I hear it every day from my own students. "You don't teach us," they mutter under their breath, or sometimes brazenly out loud. "No one gets this," individual students remark beneficently on behalf of everyone. And so I struggle. Every day. Every class. Every interaction.
Remember how irrational numbers petrified the bejesus out of the Pythagoreans? Or the interminable time it took mankind to introduce a zero into arithmetic? Recall the centuries of debate that occurred over whether negative numbers are valid or not?
The field needs an agenda that more deeply involves scientists and engineers, brings more content expertise to classrooms, and reforms the systems that will have big, transformative effects on what, and how, young people learn.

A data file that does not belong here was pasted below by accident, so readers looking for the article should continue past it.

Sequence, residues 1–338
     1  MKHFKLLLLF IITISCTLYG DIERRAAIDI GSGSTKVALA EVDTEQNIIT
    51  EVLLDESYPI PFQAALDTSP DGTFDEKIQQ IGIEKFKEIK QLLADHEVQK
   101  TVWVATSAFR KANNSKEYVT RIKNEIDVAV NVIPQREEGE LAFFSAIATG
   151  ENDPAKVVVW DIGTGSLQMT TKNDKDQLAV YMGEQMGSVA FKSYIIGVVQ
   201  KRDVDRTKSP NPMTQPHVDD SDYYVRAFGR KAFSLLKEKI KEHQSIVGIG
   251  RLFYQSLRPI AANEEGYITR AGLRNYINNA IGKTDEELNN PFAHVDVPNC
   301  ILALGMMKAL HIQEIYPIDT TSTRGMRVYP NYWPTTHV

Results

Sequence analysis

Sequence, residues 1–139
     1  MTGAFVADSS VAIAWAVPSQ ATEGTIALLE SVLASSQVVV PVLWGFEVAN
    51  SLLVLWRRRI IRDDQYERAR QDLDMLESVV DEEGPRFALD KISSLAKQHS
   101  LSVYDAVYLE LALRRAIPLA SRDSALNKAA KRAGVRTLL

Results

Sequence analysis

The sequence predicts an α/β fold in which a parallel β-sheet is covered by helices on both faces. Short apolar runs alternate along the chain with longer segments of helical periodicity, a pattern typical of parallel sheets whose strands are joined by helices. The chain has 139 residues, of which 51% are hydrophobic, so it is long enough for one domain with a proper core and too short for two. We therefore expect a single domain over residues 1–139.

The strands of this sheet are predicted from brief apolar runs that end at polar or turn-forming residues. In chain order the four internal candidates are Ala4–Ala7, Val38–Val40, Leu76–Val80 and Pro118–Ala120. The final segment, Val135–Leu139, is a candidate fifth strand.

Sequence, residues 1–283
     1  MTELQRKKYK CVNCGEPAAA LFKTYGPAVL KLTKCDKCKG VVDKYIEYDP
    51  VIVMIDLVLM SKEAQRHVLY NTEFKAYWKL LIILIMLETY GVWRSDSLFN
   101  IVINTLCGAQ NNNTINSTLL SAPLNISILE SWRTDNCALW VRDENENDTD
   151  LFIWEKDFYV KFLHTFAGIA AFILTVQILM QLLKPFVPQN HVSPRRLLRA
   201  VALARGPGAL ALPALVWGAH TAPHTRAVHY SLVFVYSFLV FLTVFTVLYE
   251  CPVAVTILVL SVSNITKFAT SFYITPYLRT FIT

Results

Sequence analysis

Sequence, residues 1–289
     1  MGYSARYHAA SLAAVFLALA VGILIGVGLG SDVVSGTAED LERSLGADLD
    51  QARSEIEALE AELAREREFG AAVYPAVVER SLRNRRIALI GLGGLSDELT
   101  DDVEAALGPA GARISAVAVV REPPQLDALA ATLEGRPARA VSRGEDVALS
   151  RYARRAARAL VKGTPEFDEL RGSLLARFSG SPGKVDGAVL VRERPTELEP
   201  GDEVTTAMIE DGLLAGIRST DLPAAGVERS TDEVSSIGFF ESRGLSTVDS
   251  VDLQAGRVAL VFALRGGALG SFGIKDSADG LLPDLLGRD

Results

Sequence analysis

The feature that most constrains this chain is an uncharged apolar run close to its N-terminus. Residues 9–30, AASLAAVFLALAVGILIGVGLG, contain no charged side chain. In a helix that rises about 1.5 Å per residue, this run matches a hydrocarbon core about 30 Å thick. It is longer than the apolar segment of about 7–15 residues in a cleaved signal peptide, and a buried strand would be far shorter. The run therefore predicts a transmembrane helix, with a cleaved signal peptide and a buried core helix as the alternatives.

Our children don't lose their curiosity once they enter school, but they often lose their drive to learn. Once we start treating the outdoors as a living laboratory, children will continue exploring the things that attracted their attention in the first place.
If we want future adults to learn to use mathematics then we must show them how mathematics is used in ways and situations that are genuine and that are relevant to their own experience. This isn't really all that hard.
College students who graduate with engineering degrees have a moral obligation to help the world's poor and under-served with basic needs, like gaining access to clean water, adequate lighting or cooking fuel.
Recently while sitting in my neighborhood Starbucks I looked up from my reading to find myself looking in the face of a ten-year-old. "I know you" he said. "You did those electrical experiments in my classroom." Ah celebrity.